NAIROBI, Kenya — On July 21, 2015, the First Lady Mrs. Lordina Mahama addressed the Stop Cervical, Breast and Prostate Cancer (SCCA) conference in Nairobi, Kenya.
She called on fellow first ladies in Africa to lead a planned and sustained campaign and work with related organizations and agencies to support cancer prevention and control in Africa.
The theme for the SCCA conference was “Investing to Save Lives, the Role of Public Private Sector Partnerships.” In attendance were first ladies, representatives from related organizations, parliamentarians, ministers of health, health professionals and scientists.
Mahama informed the audience that approximately 2,900 women in Ghana are diagnosed with breast cancer every year. According to the World Health Organization (WHO), it is estimated that 6.7 million women ages 15 and older in Ghana are at risk for developing cervical and breast cancer.
With predictions made by WHO, there will be more than 5,000 new cases of cervical cancer in Ghana by the end of this year. This also comes with the possibility of 3,300 deaths.
Mahama said, “We are all aware that as many as 85 percent of the world’s cervical cancer deaths occur in developing countries and as first ladies, we have been working to support our governments to tackle this and other challenges and the results are showing.”
Although the governments are working to provide more healthcare funds, Mahama suggests that the solution to funding problems lies with non-governmental organizations. She emphasizes the relationships between public and private sector partnerships.
Because women are major contributors to the development of the world’s economies, their health should be a main issue for governments.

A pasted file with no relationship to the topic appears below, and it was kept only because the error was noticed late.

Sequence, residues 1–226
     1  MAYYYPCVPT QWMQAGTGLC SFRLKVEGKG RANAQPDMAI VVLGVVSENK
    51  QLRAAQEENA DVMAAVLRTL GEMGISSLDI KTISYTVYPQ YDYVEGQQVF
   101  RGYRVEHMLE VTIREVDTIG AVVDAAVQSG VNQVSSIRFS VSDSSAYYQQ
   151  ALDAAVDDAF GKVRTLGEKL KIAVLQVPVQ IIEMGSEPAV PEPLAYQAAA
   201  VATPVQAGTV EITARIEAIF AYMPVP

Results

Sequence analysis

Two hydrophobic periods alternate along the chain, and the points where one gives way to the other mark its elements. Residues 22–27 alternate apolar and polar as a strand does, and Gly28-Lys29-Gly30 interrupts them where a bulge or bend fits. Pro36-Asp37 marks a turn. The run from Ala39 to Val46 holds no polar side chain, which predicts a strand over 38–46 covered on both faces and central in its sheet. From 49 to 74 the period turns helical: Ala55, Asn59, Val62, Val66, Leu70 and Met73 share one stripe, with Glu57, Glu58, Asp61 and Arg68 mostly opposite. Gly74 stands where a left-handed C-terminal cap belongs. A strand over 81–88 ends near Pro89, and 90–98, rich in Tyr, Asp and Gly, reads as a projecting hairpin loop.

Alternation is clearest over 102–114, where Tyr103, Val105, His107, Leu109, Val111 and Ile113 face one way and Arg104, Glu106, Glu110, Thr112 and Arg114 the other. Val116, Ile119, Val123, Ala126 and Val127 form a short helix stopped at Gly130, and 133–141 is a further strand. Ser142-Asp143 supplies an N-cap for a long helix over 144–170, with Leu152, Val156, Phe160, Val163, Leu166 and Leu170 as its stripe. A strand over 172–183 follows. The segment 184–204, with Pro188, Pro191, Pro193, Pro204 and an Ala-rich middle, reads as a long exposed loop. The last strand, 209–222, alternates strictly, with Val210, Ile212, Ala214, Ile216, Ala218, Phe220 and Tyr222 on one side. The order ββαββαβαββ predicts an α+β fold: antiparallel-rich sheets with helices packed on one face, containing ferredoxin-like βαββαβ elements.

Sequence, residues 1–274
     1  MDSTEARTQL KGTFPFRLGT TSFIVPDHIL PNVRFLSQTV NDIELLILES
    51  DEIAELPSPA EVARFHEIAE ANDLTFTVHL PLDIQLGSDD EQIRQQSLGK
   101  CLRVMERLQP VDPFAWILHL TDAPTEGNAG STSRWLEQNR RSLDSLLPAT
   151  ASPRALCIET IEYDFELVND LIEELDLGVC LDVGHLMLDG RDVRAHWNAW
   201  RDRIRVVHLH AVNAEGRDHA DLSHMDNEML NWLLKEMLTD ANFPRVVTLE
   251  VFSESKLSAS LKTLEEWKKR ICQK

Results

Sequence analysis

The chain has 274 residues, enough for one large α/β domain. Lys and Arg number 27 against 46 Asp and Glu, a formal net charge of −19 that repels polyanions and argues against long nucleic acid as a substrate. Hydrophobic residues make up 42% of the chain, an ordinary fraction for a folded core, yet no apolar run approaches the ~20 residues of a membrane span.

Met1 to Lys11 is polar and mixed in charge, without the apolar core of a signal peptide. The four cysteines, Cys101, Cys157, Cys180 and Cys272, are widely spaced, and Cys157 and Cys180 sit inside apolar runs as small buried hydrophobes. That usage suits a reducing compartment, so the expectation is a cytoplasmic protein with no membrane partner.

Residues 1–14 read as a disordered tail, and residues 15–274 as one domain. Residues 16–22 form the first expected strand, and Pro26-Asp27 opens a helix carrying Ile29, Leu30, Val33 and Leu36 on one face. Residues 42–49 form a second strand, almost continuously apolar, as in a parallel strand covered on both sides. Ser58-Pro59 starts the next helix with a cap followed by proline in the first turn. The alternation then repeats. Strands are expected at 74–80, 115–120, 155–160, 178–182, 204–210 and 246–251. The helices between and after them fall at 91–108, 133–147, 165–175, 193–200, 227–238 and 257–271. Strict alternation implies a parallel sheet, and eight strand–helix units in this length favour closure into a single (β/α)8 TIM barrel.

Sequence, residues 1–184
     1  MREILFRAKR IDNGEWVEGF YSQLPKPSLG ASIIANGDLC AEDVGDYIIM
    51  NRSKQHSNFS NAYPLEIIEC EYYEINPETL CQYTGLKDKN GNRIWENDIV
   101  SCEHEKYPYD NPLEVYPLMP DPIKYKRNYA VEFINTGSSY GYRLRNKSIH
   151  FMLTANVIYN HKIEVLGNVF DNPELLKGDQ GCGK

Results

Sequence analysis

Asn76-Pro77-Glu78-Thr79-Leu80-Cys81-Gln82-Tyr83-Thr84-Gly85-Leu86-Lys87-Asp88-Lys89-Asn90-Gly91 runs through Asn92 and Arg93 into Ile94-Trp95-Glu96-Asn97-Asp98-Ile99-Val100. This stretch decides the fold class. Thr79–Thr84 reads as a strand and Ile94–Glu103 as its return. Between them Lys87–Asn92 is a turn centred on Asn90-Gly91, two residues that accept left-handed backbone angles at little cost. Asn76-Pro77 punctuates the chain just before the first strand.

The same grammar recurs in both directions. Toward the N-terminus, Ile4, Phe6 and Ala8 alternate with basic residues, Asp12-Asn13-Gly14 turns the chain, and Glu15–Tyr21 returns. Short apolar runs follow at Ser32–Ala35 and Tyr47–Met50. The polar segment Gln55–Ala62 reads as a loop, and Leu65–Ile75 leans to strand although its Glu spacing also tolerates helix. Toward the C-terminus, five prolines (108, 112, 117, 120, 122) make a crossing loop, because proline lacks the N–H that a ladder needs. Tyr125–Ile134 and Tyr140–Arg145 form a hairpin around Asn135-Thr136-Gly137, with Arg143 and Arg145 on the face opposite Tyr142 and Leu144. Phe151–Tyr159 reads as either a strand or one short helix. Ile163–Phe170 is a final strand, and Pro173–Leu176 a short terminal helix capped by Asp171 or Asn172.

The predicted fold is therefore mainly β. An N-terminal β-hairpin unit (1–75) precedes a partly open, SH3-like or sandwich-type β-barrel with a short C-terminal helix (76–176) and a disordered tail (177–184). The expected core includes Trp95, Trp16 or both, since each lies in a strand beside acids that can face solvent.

Cervical and breast cancer can be very treatable if detected early. Mahama hopes to implement an early detection screening that would be accompanied by proper treatment if necessary.
Specifically in Ghana, there is a need for strengthening the multi-sectoral collaboration to improve public health awareness, improving health services and implementing the “National Strategy for Cancer Control in Ghana.” With these changes, the government hopes to reduce the mortality rate of cancer by 30 percent.
What Mahama is asking for is not seen as a dream. Throughout the developing world, action is being taken to detect cancer in women in its early stages is becoming a main concern.
In Tanzania, girls are being screened in their school years for cervical cancer and receiving the Gardasil vaccine to prevent cervical cancer. It is necessary for all girls to receive effective screening, early detection and take preventative actions.
Mahama informs the audience that some actions, like in Tanzania, are being taken in Ghana. Gavi, the Vaccine Alliance has immunized some girls against cervical cancer, but there are still many girls that have not.
Immunization campaigns are expensive, but with Mahama’s plan to combine the efforts of African leaders, governments, the private sector and non-governmental organizations, girls will not have to experience the pain of fighting cancer.
– Kerri Szulak
Sources: CITI, Gavi the Vaccine Alliance
Photo: News Ghana